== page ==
For 3 weeks out of every month, you're
energetic, upbeat and even-tempered. Then it happens. A week before your
period begins, your mood swings from depression to irritability to
downright anger. Your breasts become tender, your abdomen swells and your
pants fit like sausage casings. You feel lethargic, have trouble
concentrating and crave junk food.
For millions of women, these symptoms subside just as
menstruation begins. They are the symptoms of premenstrual syndrome (PMS).
But you don't have to succumb to these symptoms. A great
deal has been learned in recent years about PMS and doctors can recommend
an array of traditional and complementary remedies to help reduce your
Exact cause unknown
Doctors once thought that PMS was "all in your
head." They now know that symptoms are real, not imagined. In fact,
it's estimated that 30 percent to 40 percent of women have symptoms severe
enough to impair their daily activities. About 7 percent have a form of
PMS so disabling that it has its own psychiatric designation —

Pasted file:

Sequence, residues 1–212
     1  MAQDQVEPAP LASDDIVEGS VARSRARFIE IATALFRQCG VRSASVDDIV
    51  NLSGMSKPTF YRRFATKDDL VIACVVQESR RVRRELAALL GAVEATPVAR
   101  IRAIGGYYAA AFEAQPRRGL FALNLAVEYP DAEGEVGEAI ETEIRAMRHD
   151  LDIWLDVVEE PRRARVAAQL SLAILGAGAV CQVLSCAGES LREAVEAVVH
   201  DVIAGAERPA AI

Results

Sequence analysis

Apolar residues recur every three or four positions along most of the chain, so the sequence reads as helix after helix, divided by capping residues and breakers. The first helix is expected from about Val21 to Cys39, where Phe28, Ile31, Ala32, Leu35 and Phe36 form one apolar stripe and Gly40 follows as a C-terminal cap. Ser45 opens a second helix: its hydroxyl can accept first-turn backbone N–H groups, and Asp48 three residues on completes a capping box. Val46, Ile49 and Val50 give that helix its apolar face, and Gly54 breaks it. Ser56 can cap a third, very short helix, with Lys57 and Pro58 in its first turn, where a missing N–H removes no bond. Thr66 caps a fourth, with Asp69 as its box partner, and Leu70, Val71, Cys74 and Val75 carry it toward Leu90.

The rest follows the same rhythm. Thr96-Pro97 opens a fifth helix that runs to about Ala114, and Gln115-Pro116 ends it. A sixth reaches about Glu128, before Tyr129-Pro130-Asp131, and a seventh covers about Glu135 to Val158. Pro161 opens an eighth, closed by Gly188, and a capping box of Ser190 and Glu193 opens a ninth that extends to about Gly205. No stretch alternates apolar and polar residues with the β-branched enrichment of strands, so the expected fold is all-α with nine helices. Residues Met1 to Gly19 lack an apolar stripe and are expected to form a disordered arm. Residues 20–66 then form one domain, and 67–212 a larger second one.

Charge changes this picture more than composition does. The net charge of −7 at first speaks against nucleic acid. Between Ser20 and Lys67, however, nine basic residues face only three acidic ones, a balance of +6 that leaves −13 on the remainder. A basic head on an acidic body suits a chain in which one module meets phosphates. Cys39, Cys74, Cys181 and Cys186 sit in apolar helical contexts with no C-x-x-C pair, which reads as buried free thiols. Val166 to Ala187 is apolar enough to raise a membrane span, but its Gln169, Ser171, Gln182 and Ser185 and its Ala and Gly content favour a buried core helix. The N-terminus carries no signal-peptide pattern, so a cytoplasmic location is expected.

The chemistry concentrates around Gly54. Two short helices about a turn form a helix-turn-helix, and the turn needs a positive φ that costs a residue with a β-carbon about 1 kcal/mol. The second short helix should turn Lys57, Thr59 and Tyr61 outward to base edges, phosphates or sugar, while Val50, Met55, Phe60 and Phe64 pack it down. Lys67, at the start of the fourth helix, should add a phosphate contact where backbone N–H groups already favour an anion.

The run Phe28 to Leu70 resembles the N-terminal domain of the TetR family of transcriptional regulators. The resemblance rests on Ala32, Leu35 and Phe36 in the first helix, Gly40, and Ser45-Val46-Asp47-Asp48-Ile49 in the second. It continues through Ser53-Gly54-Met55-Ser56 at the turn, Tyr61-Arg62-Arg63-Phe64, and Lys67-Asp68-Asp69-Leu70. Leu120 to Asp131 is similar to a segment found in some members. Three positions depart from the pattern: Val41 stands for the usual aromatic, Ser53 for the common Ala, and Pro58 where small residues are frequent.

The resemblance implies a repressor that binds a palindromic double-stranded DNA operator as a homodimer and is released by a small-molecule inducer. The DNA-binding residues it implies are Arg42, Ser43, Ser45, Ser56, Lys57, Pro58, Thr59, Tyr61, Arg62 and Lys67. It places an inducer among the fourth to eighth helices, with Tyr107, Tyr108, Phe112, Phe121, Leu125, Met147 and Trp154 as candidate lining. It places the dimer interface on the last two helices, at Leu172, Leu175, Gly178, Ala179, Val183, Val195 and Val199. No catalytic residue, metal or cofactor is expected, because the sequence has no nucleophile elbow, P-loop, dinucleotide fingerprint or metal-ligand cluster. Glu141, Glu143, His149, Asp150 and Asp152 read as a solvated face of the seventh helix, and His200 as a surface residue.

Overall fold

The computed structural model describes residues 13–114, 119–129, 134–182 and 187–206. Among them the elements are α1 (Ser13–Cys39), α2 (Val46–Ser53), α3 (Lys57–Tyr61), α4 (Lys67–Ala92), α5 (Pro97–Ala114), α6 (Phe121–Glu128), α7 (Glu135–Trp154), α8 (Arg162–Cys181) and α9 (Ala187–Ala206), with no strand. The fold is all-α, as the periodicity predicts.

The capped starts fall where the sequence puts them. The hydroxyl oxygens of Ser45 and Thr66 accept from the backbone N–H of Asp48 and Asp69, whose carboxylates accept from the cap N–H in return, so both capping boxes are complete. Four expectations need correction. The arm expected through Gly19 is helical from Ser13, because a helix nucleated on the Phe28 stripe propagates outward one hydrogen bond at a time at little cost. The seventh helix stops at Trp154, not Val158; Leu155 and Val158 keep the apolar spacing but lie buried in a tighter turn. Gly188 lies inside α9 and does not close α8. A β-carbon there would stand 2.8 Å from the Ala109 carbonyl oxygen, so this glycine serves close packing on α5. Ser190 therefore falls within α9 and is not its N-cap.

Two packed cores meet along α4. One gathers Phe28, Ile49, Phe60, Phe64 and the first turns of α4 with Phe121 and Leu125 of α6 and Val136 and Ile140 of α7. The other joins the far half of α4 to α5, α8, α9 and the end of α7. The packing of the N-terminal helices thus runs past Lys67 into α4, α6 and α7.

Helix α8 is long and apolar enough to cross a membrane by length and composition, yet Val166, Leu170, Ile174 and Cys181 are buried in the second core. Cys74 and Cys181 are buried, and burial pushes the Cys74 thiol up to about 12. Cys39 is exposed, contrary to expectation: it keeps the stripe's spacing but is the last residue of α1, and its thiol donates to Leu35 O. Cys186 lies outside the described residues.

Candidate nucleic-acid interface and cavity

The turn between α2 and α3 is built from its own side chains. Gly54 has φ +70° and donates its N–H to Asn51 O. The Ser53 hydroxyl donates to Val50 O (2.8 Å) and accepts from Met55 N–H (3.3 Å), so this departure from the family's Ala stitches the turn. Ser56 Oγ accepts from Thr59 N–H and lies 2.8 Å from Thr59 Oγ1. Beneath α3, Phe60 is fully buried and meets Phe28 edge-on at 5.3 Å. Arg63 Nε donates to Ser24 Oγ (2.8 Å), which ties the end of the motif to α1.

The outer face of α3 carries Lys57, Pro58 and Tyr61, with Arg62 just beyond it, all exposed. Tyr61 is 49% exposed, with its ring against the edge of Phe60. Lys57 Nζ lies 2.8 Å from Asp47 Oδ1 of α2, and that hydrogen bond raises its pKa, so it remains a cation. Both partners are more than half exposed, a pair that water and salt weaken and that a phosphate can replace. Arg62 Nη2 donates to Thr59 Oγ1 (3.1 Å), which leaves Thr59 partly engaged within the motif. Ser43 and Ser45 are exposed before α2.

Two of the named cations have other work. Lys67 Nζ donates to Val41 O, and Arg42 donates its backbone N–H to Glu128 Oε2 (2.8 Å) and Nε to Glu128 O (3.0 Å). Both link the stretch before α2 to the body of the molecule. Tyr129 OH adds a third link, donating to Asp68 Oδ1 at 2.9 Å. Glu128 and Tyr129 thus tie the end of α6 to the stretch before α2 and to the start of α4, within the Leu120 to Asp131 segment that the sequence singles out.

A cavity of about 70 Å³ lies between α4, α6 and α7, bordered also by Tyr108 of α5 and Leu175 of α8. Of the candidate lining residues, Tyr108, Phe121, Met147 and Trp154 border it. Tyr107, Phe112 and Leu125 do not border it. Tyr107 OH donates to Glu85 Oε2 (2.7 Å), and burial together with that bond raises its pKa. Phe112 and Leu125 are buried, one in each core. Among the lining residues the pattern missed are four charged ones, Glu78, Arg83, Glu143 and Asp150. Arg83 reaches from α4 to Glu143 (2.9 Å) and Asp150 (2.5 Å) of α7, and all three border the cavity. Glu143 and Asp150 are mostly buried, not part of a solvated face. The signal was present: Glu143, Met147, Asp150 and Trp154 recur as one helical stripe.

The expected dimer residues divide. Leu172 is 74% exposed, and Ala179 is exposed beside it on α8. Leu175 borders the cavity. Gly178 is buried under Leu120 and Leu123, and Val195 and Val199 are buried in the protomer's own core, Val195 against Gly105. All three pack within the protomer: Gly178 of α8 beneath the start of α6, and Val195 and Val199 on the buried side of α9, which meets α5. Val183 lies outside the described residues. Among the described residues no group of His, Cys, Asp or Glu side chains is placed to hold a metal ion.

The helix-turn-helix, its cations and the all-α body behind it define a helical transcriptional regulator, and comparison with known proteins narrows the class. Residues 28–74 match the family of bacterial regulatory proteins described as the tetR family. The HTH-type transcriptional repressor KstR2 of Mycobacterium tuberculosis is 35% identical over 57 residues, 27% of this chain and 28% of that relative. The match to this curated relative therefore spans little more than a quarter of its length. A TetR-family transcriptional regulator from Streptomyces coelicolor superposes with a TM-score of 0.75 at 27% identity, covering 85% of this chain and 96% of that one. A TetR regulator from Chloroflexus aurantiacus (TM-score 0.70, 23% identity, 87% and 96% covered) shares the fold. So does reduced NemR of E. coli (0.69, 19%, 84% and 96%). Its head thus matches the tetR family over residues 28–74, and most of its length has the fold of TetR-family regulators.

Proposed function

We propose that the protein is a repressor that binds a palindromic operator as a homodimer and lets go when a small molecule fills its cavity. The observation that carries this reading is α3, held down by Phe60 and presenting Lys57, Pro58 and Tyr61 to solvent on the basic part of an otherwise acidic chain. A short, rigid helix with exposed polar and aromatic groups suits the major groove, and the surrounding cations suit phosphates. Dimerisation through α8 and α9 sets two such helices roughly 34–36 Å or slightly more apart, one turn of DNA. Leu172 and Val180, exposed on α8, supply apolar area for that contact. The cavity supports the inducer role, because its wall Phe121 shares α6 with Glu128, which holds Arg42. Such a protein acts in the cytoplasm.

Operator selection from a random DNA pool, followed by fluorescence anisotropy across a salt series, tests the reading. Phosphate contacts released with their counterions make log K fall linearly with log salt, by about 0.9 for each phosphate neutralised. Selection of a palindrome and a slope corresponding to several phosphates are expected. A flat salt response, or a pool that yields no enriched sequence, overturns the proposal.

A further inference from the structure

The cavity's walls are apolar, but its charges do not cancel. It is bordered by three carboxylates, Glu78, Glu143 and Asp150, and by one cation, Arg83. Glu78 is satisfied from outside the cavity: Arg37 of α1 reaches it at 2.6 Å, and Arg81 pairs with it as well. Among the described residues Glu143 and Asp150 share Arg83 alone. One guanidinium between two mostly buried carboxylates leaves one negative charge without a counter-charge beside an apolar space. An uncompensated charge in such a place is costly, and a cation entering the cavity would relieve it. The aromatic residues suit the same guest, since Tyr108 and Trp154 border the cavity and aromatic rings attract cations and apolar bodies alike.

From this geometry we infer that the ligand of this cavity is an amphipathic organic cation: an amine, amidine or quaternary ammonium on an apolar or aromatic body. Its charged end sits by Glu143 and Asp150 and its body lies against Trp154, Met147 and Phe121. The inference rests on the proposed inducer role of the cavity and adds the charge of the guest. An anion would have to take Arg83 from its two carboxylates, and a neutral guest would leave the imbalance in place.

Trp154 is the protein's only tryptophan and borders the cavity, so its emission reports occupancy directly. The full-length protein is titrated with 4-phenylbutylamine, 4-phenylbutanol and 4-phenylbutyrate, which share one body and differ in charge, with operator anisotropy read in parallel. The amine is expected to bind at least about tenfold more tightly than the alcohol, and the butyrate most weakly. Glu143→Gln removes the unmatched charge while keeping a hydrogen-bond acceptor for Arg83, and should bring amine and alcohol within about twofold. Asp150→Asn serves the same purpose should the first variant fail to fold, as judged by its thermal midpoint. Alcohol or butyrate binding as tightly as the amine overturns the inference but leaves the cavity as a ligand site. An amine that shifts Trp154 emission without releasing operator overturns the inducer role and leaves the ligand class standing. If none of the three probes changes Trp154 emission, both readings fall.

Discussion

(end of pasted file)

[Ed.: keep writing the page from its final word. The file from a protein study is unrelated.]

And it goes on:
premenstrual dysphoric disorder.
No one knows for sure what causes PMS. Some believe it's
caused by chemical changes in the brain. Fluctuating hormones also may
play a role. Low levels of vitamins and minerals have been associated with
some symptoms. So has eating a lot of salty foods, which may cause fluid
retention, and drinking alcohol, which may cause mood and energy level
disturbances. It's possible all these factors contribute to some degree.
There is no diagnostic test for PMS. To help determine
whether you have it, your doctor may ask you to keep a daily chart for
several menstrual cycles and record which symptoms you have, their
severity, when they occur during your cycle and when they subside.
Treatment depends on identifying which symptoms are most
distressing and working to eliminate them. That usually requires a
combination of therapies. Here's a start.
Diet modification — Choose foods
that are high in complex carbohydrates (fruits, vegetables and whole
grains). Eat several small meals a day instead of three large ones.